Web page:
By Health Visitor Julia Headland
The UK Government has revised its advice on the safety of eggs for vulnerable groups such as pregnant women, infants and young children, confirming that they are safe to eat ‘runny’ or even raw eggs, provided that they are British Lion Eggs.
Furthermore, the Government’s Scientific Advisory Committee on Nutrition (SACN) has reconfirmed that eggs can be introduced from around 6 months when weaning begins, despite their allergenic potential. In fact, it goes on to suggest that deliberate exclusion or delays in introducing eggs beyond 6-12months may actually increase the risk of egg allergy.
NB. Further clarification is required for those infants with early onset or moderate to severe eczema, considered to be at high risk of food allergy. There is evidence to suggest that introduction to eggs at 4 months is appropriate however please discuss this with your own GP or Health Visitor before you introduce eggs.
Why were we wary of eggs before?
Way back in 1988, the Department of Health advised vulnerable groups of people who may be susceptible to the effects of blood borne disease, including pregnant women, infants and young children, to only consume eggs that had been cooked until both the yolks and the whites were solid (Advisory Committee on the Microbiological Safety of Food (ACMSF) 1993. You may remember this as the big Salmonella scare of the late 80’S.
So What has changed?
Salmonella was a major public health issue in 1988 when rates of salmonella linked to eggs were shown to be rising due to a new strain of the bacterium Salmonella enteritidis. The bacterium was shown to be located in the body of the egg as opposed to only the egg shell where the previous strain of salmonella had been located. Due to the reports of contamination, the UK egg industry introduced a range of measures in 1990. In 1998, the introduction of the British Lion Code of Practice (British Egg Industry Council (BEIC), 2013. This thankfully resulted in the decline of Salmonella infection associated with UK eggs.
The core element of this scheme is the vaccination of flocks of laying hens against two strains of Salmonella- Salmonella enteritidis and Salmonella typhimurium. The Lion Code of Practice comprises of over 700 auditable criteria and stringent controls throughout the production chain, including strict hygiene controls in egg production units, stamping of each egg with the best before date and Lion logo and regular egg testing for Salmonella.
*The Lion Code of practice for British Lion Eggs is the only egg-specific assurance scheme to meet the exacting international accreditation standard (International Organisation for Standardisation , 2012)
Nutritional Contribution of Eggs in pregnancy and for babies.
Eggs provide many nutrients essential to foetal development such as high quality protein, vitamin D, vitamin B12, folate, choline, iodine, selenium, and long chain omega-3 fatty acids. They are, in fact, one of the few dietary sources of vitamin D, iodine and choline. They also contribute to important amounts of B vitamins and minerals including some iron and zinc.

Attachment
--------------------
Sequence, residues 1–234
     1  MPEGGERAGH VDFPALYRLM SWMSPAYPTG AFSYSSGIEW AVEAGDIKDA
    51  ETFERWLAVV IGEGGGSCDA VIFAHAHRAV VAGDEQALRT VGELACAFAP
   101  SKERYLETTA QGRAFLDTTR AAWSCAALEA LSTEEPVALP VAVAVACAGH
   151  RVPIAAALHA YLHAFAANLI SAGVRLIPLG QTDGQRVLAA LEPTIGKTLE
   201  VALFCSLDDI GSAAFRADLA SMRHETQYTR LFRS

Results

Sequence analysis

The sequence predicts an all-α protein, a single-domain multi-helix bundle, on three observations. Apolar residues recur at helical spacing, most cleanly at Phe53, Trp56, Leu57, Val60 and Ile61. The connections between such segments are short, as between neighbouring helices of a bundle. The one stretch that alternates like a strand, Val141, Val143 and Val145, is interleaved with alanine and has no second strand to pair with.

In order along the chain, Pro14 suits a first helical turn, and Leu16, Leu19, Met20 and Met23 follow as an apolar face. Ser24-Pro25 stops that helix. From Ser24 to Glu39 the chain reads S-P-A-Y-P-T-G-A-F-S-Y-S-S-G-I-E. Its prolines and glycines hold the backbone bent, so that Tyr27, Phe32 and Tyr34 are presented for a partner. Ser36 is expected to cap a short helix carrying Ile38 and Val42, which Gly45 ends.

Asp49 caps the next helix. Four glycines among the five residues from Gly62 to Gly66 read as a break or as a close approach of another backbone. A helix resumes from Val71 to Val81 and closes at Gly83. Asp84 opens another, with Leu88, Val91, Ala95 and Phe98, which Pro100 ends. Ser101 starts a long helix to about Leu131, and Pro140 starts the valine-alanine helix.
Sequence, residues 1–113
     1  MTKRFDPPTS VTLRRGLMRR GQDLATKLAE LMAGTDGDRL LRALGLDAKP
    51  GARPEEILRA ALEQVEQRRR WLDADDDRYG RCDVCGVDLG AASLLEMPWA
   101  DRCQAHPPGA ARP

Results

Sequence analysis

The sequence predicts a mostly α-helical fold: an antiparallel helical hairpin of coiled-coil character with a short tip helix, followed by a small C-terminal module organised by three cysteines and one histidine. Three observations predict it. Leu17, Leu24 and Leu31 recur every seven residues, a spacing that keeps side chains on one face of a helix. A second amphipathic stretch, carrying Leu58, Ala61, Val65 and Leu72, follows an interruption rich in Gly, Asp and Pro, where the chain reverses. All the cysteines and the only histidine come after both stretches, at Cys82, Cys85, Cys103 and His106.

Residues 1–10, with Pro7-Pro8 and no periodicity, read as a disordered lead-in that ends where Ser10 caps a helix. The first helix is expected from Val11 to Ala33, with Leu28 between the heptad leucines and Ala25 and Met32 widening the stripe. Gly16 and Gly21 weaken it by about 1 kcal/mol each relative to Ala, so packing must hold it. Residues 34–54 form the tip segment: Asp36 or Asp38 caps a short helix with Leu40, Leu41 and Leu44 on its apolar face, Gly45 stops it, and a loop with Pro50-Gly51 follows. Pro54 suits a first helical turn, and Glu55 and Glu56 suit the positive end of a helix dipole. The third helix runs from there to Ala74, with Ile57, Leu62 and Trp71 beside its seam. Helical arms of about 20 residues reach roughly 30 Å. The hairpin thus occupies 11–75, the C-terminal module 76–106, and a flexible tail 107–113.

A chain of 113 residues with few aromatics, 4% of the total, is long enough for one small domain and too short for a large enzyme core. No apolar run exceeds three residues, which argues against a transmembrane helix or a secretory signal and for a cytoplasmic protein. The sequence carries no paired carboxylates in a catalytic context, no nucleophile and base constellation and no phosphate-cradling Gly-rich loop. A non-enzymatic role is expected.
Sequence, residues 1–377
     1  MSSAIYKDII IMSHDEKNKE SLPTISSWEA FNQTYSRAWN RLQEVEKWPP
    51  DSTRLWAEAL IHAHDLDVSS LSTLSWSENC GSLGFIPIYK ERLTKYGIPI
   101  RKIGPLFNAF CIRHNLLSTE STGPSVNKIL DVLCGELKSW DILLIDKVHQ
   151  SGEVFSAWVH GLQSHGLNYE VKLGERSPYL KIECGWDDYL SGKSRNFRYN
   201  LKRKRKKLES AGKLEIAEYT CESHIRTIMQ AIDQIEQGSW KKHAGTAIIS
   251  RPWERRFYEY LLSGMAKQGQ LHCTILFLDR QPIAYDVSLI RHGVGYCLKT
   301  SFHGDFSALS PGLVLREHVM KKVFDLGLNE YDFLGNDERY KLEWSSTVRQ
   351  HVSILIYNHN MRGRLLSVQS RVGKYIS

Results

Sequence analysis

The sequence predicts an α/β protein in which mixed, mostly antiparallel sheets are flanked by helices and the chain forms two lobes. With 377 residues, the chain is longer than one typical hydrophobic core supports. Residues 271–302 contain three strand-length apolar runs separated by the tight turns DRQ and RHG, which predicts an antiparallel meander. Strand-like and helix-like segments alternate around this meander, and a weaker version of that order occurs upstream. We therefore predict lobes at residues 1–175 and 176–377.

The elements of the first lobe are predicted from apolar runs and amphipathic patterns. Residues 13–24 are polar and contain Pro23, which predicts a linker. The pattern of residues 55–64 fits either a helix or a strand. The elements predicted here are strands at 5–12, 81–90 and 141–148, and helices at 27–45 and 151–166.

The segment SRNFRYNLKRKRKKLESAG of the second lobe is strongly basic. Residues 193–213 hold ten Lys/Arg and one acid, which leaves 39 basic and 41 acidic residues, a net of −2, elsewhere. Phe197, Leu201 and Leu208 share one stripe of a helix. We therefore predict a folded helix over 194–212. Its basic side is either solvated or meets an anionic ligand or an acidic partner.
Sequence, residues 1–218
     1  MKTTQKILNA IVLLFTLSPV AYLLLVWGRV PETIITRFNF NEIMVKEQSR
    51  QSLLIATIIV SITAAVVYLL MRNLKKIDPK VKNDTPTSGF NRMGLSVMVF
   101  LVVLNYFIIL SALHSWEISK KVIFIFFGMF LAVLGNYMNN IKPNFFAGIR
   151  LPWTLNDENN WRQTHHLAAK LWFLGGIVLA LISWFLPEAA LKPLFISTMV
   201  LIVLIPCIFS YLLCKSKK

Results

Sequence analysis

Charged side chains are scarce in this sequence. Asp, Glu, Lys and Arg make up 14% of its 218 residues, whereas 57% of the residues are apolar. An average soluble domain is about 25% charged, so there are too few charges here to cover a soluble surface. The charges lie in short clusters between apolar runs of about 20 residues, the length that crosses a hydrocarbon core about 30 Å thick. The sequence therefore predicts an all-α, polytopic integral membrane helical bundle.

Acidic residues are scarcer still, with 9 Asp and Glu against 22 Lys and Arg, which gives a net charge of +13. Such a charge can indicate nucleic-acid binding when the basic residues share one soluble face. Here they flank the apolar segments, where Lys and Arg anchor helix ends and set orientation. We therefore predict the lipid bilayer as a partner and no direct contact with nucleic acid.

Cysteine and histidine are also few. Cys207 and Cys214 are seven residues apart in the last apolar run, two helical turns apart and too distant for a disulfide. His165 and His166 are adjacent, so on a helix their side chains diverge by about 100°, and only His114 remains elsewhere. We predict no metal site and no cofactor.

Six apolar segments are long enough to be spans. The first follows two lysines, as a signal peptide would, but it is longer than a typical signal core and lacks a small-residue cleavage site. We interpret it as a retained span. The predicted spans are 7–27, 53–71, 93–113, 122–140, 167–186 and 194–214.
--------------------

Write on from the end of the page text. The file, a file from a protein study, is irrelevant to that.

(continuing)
Iodine is a nutrient that gets little attention, however according to the World Health Organisation (WHO), the UK is classified as mildly iodine insufficient and it has been suggested that iodine is a nutrient of concern for pregnant women. Iodine is essential for adequate maternal thyroid function which is critical for neurodevelopment of the foetus. In fact, there is evidence that suggests that even a mild iodine deficiency is associated with delays in neurocognition later in childhood. Two medium sized eggs provide 50mcg of iodine which represents 36% of the pregnancy reference nutrient intake (RNI).
Choline is a vitamin like compound used to make phospholipids and therefore cell membranes. It is lesser known nutrient but nonetheless important in pregnancy. There is much evidence that choline is important for human foetal development , particularly for the brain.
Vitamin D. Eggs are one of the few dietary sources of vitamin Din it’s most bioavailable form – D3. It is known that there is widespread vitamin D deficiency in the UK, particularly during the winter months due to the limited exposure of UV light in the northern hemisphere. As a consequence, Vitamin D supplementation is advised during pregnancy and lactation and for infants from birth to 1 year who are breastfed or receiving less than 500mls of formula a day and for young children up to 4 years a day (NHS Choices 2017).
As well as supplementation, dietary sources are also important and 2 medium eggs will provide about one third of the recommended nutritional intake for pregnant or lactating women an one medium egg would provide 1.6mcg which is around 23% of the recommended nutritional intake for children of 6 months to 3 years.
Long Chain Omega-3 Fatty Acids. Eggs are also a significant source of long chain omega 3 fatty acids, mostly in the form of docosahexaenoic acid (DHA) and this is important as DHA is essential for foetal and infant brain development and function. One medium egg contains about 70mg DHA and the adult daily recommended intake is around 450mg.
Summary of Food Standards Agency recommendations on eggs (2017)
*Pregnant women, infants, young children and elderly people can safely eat raw or lightly cooked eggs that are produced under the British Lion Code of practice.
*Non Lion eggs produced in the UK, eggs from outside the UK, and eggs from species other than hens should always be cooked thoroughly for vulnerable groups.*The advice does not apply to severely immunocompromised individuals who require medically supervised diets prescribed by health professionals